Water Treatment

No water source along The Colorado Trail should be considered safe to drink from directly, except for water available at campgrounds, picnic areas and the like that is clearly marked as potable. Don’t be fooled by the clear rushing water of a mountain stream or the seeming pureness of a pond high above treeline – animals, both wild and domestic (cattle and sheep are most common), can introduce protozoa and bacterial organisms to water sources even in the most remote areas. 

man treating water by an alpine lake

As a consequence, to avoid ingesting pathogens such as giardia lamblia or cryptosporidium that could ruin your backcountry trip – not to mention endanger your health – you should treat all drinking water by one of four recommended methods: boiling, filtration, chemical disinfectant, or by using an ultraviolet water purifier.

Here is a closer look at each:

  • Boiling is the simplest, if you have adequate fuel, and kills all known pathogens. While there is debate about boil times, a minimum of 5 minutes at a rolling boil is recommended.
  • Iodine disinfectant (or less-effective chlorine) is not as reliable as boiling, but provides some protection against giardia and most bacteria, but not crypto. Very cold water should be left to treat overnight.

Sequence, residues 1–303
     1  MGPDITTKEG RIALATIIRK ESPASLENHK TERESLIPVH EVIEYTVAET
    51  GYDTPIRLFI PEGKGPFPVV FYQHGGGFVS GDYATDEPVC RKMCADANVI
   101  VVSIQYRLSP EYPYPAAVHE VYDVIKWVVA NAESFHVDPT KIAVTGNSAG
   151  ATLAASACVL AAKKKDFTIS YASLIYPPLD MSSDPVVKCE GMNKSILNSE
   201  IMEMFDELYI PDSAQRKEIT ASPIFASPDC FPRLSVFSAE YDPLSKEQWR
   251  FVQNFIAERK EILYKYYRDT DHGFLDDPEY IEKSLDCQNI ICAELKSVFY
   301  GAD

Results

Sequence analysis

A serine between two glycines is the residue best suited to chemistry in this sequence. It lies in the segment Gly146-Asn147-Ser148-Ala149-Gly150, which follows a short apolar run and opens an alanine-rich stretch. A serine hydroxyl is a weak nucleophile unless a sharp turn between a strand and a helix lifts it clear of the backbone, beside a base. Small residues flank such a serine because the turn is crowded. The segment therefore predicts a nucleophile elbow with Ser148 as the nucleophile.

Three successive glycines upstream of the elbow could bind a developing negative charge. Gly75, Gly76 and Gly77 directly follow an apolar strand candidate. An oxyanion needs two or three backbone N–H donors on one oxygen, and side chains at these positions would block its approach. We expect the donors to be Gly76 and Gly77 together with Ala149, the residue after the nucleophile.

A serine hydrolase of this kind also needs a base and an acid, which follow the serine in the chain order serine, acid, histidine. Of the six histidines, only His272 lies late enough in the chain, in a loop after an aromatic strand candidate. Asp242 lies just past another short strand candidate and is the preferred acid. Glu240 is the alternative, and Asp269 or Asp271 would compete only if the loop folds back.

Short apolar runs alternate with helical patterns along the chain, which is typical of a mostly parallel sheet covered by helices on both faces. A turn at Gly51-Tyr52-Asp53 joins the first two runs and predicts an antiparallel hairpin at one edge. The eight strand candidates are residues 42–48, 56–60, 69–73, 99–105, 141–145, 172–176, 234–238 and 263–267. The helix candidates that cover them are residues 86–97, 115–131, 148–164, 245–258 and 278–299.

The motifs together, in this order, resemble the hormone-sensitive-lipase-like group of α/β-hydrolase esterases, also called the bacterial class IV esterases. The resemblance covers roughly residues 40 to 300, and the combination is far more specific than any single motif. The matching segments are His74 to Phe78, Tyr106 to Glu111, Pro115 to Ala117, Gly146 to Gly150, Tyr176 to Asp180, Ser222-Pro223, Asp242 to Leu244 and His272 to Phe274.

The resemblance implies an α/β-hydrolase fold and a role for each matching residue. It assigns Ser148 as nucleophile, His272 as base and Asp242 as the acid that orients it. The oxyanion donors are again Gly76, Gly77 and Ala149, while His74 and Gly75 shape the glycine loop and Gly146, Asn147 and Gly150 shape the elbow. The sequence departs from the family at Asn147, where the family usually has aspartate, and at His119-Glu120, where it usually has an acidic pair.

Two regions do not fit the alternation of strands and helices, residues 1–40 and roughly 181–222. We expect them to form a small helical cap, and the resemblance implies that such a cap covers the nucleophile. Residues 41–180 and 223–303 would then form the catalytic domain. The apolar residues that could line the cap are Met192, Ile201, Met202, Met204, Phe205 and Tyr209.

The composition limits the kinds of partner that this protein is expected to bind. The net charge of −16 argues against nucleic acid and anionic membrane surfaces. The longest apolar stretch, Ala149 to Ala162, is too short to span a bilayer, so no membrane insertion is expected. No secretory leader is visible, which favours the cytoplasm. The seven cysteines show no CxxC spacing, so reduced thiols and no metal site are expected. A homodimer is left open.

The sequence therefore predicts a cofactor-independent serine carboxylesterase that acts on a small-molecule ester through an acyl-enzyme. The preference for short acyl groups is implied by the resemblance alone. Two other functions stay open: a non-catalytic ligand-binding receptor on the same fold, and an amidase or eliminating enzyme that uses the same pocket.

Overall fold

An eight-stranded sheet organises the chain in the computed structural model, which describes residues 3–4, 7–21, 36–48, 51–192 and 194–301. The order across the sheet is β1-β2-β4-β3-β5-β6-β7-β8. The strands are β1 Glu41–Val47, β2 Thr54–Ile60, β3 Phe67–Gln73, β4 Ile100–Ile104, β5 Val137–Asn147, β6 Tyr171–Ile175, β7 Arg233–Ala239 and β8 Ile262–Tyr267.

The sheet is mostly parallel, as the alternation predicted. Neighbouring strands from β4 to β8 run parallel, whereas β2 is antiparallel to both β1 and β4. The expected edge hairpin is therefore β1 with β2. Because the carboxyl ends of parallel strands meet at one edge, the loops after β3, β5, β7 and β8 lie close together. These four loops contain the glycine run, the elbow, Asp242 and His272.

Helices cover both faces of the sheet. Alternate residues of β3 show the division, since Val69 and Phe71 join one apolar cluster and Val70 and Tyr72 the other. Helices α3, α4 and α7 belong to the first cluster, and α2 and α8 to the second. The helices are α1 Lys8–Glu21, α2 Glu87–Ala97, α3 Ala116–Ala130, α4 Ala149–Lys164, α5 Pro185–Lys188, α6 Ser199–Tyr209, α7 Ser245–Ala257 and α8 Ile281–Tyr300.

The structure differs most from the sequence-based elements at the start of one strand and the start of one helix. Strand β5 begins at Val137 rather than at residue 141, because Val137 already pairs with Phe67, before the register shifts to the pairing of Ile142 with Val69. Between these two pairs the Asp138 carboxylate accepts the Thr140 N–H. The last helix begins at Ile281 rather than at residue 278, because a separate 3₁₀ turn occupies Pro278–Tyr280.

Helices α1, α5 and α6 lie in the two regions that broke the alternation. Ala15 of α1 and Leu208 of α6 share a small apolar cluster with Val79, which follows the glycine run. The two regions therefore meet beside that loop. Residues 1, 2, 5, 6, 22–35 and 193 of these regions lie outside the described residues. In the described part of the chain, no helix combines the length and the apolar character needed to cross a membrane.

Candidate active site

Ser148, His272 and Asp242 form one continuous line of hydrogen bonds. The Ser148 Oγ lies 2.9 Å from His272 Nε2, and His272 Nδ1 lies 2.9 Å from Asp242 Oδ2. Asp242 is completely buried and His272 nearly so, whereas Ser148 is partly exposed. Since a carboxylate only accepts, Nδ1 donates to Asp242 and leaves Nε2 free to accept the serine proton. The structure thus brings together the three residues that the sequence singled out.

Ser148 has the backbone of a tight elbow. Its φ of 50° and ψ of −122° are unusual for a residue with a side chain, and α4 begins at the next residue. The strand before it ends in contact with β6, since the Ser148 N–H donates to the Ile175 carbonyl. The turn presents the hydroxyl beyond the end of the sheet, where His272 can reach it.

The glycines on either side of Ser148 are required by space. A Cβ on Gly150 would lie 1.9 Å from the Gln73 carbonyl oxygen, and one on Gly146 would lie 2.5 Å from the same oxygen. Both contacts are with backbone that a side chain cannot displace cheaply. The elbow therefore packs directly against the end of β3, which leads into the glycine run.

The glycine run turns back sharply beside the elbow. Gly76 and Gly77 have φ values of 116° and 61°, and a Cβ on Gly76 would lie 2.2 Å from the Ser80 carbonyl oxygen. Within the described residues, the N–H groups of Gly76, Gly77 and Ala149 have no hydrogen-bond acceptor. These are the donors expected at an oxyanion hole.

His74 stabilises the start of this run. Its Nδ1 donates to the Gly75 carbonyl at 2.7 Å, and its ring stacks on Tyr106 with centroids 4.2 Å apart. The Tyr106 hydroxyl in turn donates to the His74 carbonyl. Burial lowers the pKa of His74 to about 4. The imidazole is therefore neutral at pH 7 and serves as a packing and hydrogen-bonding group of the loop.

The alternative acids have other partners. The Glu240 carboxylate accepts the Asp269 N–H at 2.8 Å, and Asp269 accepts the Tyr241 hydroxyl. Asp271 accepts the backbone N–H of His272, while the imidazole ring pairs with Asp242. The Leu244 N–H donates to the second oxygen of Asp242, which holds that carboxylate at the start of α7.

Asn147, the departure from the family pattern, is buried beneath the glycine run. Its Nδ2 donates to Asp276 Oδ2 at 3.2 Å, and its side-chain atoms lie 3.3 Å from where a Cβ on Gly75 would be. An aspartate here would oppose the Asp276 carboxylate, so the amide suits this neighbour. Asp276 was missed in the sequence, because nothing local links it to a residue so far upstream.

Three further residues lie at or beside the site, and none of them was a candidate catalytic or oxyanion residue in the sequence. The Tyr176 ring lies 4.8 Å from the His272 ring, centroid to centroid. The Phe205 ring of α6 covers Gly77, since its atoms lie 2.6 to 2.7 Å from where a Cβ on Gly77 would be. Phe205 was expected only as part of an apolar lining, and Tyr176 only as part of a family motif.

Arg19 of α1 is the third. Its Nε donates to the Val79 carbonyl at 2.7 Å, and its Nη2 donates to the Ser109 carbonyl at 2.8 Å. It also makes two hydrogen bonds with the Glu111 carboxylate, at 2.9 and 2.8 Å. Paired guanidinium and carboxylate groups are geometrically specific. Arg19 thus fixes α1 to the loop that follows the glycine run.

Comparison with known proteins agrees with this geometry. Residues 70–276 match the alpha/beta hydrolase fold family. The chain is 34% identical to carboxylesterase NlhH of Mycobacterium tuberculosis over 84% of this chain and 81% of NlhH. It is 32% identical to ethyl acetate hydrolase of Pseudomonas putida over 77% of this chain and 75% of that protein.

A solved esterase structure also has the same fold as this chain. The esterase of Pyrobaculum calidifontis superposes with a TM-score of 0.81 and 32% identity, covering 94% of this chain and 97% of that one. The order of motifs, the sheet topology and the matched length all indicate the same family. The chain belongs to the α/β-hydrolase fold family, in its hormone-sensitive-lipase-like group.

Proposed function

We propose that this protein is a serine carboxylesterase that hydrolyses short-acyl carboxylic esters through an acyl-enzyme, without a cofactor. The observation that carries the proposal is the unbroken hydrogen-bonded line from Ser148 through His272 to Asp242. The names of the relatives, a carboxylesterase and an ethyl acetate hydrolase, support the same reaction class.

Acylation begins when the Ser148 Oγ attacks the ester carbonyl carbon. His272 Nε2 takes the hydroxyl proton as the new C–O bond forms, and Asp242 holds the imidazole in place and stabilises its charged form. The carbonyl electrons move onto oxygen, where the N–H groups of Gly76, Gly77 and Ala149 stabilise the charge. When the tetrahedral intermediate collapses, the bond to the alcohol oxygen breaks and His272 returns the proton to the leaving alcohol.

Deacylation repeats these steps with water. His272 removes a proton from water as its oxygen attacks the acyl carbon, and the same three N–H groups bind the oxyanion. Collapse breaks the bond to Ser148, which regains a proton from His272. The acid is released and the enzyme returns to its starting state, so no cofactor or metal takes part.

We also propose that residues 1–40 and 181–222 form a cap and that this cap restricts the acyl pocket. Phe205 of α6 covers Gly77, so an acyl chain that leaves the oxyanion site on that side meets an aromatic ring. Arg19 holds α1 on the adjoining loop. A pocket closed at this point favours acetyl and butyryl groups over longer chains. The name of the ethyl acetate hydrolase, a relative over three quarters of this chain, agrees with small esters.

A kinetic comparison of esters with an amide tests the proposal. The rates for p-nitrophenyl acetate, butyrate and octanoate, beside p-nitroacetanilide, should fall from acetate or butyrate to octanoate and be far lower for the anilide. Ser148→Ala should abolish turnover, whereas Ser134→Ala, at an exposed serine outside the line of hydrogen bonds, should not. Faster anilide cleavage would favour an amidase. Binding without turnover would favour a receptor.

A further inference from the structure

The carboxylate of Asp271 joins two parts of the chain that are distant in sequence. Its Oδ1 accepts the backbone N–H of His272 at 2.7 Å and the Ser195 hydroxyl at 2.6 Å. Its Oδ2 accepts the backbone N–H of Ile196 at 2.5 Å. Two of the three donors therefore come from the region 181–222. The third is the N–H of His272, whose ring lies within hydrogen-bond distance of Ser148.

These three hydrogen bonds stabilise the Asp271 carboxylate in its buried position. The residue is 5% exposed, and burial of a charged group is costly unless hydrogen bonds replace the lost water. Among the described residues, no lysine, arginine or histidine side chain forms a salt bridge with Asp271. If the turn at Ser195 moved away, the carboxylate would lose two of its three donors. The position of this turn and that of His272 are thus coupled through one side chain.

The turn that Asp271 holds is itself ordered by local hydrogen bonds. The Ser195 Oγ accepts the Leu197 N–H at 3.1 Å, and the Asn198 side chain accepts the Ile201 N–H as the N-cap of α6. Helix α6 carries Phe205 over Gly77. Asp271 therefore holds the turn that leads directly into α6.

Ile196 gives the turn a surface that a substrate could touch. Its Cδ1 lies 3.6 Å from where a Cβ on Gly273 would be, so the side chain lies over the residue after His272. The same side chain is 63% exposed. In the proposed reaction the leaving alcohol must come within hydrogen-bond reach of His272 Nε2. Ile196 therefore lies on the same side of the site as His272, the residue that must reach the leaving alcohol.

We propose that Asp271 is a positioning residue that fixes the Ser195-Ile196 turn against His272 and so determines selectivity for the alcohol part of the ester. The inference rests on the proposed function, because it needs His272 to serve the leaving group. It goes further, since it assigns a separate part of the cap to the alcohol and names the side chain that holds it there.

• Filters are popular for backcountry water purification, but check the specifications for individual devices before buying one. A filter with pores larger than 0.2 microns will let bacteria through. A system with an iodine matrix will kill viruses.
  • Ultraviolet water purifiers are relatively new on the scene. These battery-powered devices use UV light rays instead of chemicals to purify water for drinking.

treating water from a stream
In all cases, choose your water sources carefully, away from obvious animal hosts such as beaver and cattle, and take water from as close to the source as possible, such as a spring.

An additional reminder: Always practice Leave No Trace principles to safeguard the water supply for other users, including camping at least 100 feet from any stream, lake or spring.